Field day highlights climate-smart rice production strategies

(06/12/24) KAPLAN, La. — At first glance, it would be difficult to tell much of a difference between the rice fields sitting on either side of a dirt road running through Wyatt Hardee’s farm near Kaplan.

But as attendees of a recent field day heard while touring the farm with Hardee and a team of LSU AgCenter researchers, the two rice fields have been subjected to vastly different production methods.

One on side of the road, farmer-standard practices have been used. On the other, the scientists and Hardee have worked together to test a variety of conservation methods aimed at reducing costs and environmental impacts while still producing a successful crop.

They discussed their work June 11 at the field day, which featured presentations on strategies for decreasing greenhouse gas emissions, enhancing soil health, improving fertilizer and irrigation efficiency. The project is funded by a $1 million grant from the U.S. Department of Agriculture Natural Resources Conservation Service for climate-smart practices in rice and sugarcane.

The Louisiana Master Farmer Program serves as the outreach component of the project and collaborates with six farms participating in the initiative. Rice practices are being studied at the Hardee farm along with sites in Abbeville and Hathaway, and sugarcane work is underway on farms in Abbeville, Erath and St. James. Additional field days will be scheduled for next year.

Donna Gentry, Master Farmer Program coordinator with the AgCenter, said the farmers’ involvement is crucial, offering scientists the chance to try the conservation methods in real-world settings as opposed to the confines of small research station plots.

The venture offers valuable opportunities for the farmers, too.

“It’s one thing to see what somebody else has done,” Gentry said. “It’s another thing to put these practices in on your own farm, your own soil type and your own conditions to see what happens. So we appreciate Wyatt and the others who are participating in the project.”

Hardee, a fifth-generation rice and crawfish farmer, said he joined the project out of a desire to help improve his industry and to become a better steward of the land. He has enjoyed working with the AgCenter researchers.

“Even whenever you do things that don’t work, you still learn something,” he said. “You’re still able to learn about things that affect your soil in different ways or have different outcomes.”

One of the strategies that scientists have employed on the Hardee farm is planting off-season cover crops, which offer benefits like adding nutrients to the soil and preventing erosion. Others include using sensors to monitor field conditions and a technique called alternate wetting and drying, or AWD, which aims to save water and reduce methane emissions.

Gentry acknowledged that some of the practices on display at the field day are already commonplace on many farms. Others are newer ideas. Additional research is needed, she said, to determine how cost-effective they are and to get a fuller picture of their impact on farming systems.

“No matter how good these practices are at reducing your environmental impact, if they don’t at least maintain your production or improve it, you’re not going to do it,” she told farmers at the event.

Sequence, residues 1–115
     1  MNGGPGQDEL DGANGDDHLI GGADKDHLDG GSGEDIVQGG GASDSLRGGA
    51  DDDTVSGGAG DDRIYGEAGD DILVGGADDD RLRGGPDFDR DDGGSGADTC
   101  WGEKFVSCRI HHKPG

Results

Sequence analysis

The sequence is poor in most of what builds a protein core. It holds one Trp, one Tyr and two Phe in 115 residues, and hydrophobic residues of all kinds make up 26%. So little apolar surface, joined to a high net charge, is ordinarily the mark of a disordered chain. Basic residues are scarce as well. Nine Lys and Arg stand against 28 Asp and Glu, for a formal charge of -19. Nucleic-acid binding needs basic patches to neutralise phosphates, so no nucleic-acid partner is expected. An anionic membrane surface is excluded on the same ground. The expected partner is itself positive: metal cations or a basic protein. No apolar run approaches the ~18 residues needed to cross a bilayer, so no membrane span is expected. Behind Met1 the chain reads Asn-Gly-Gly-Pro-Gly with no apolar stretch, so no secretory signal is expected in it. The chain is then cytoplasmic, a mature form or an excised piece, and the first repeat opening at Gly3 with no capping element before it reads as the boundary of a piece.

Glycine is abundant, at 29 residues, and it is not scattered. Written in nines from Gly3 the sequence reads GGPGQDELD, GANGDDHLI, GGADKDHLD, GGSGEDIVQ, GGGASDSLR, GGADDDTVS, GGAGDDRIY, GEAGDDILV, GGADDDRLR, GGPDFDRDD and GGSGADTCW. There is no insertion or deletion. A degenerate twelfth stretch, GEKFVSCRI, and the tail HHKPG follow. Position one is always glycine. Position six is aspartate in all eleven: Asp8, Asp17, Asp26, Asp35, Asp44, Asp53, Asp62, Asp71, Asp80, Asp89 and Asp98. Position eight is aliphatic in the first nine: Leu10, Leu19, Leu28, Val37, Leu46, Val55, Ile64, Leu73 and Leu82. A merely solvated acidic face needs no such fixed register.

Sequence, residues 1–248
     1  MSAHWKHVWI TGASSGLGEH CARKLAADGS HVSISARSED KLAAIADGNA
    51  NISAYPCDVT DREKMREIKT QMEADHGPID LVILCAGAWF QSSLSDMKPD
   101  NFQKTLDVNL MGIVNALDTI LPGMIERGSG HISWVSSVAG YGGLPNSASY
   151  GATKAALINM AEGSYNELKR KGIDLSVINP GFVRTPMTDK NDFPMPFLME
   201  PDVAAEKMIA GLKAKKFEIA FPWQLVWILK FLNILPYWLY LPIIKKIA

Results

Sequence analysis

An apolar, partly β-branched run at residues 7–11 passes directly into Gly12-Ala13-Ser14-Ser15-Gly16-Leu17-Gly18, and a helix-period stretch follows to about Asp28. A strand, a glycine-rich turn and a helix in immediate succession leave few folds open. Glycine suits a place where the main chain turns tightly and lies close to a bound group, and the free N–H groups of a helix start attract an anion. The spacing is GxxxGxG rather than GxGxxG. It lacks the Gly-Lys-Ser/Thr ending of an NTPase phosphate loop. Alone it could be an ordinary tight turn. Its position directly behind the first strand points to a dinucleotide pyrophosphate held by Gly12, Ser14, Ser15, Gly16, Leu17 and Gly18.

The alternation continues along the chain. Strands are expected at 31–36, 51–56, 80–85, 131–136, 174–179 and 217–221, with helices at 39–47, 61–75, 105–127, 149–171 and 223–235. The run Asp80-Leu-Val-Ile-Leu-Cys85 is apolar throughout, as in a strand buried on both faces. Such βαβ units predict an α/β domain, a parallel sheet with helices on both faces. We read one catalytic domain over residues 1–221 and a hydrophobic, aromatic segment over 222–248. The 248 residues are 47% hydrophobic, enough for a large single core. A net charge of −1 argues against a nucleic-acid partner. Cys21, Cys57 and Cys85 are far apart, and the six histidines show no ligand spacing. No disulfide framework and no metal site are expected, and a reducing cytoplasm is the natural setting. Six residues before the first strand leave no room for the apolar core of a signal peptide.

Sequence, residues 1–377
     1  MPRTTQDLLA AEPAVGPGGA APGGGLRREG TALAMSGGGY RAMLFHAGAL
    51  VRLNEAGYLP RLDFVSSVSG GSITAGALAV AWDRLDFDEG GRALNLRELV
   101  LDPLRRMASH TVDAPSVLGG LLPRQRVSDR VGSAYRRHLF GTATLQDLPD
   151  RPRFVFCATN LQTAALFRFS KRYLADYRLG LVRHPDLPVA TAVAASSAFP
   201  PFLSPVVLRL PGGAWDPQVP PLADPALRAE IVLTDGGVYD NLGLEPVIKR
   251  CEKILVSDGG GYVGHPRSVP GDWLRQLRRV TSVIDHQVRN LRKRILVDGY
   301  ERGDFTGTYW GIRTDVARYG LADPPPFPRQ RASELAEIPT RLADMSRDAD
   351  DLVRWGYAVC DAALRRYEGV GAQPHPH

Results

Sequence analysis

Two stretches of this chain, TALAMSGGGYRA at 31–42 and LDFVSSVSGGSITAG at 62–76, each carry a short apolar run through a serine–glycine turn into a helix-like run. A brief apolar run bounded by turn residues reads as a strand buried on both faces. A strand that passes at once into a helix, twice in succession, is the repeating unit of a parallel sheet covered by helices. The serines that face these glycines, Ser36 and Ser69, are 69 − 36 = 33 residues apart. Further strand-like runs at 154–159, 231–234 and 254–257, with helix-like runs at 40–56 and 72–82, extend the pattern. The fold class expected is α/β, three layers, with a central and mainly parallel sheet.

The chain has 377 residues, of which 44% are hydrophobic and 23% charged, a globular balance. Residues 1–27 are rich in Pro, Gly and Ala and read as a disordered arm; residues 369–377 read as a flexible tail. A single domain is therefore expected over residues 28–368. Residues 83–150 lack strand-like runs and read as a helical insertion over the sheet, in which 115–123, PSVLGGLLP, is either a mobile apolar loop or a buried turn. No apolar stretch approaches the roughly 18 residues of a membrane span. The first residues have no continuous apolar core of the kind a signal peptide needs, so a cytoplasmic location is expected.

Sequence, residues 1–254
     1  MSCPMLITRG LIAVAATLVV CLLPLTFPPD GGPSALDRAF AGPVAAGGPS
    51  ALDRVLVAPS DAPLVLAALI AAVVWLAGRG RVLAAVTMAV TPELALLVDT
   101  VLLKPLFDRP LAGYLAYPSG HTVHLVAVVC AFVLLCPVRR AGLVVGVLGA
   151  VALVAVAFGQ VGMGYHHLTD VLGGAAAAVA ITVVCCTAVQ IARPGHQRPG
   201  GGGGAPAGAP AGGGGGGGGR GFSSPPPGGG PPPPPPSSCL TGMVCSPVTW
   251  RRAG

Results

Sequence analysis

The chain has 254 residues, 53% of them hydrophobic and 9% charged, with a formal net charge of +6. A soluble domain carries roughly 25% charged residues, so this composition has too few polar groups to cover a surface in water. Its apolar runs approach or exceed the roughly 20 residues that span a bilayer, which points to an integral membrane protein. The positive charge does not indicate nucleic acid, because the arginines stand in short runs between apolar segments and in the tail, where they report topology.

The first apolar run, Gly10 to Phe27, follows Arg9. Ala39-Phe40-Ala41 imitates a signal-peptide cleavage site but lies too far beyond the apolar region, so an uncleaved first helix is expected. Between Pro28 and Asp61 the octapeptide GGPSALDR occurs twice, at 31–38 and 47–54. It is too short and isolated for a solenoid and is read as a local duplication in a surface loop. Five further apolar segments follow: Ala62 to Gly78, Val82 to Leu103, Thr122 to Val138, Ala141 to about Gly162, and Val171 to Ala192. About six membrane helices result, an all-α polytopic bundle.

The climate-smart aspect of the project is important in Louisiana, she said.

“We have hurricanes and storms. We have a lot of extreme weather,” she said. “Obviously, anything we can do to help mitigate that, we need to try.”

Others on the field day program included:

— Jim Wang, AgCenter soil chemist and principal investigator for the grant, who described the project’s goals and potential benefits of several climate-smart methods.
— Changyoon Jeong, AgCenter water quality specialist, who talked about the many ways that soil can benefit from conservation strategies.

— Brenda Tubaña, AgCenter soil scientist, who told attendees about her research on cover crops and nitrogen management.

— Manoch Kongchum, AgCenter agronomist, who discussed managing water and how it affects greenhouse gas emissions.

— Naveen Adusumilli, AgCenter economist, who covered economic considerations for implementing climate-smart techniques.

— Kody Meaux, of the NRCS, who spoke on cost-share programs for farmers interested in trying conservation practices.v

Man standing in rice field.

LSU AgCenter agronomist Manoch Kongchum shows attendees of a June 12 climate-smart rice field day some of the tools he uses in his research on managing water and reducing greenhouse gas emissions. Photo by Olivia McClure/LSU AgCenter

People standing outside at a farm.

Brenda Tubaña, left, LSU AgCenter soil scientist, speaks about her research on cover crops and nitrogen management during a field day at Wyatt Hardee’s rice farm June 12. Photo by Olivia McClure/LSU AgCenter

Man speaking to people sitting at tables.

Wyatt Hardee, right, speaks to attendees of a June 12 climate-smart rice field day about using conservation strategies on his farm. Photo by Olivia McClure/LSU AgCenter

Man speaking while standing next to a large screen.

Jim Wang, LSU AgCenter soil chemist, talks about goals of climate-smart agriculture during a field day at Wyatt Hardee’s rice farm June 12. Photo by Olivia McClure/LSU AgCenter

6/12/2024 1:27:13 PM
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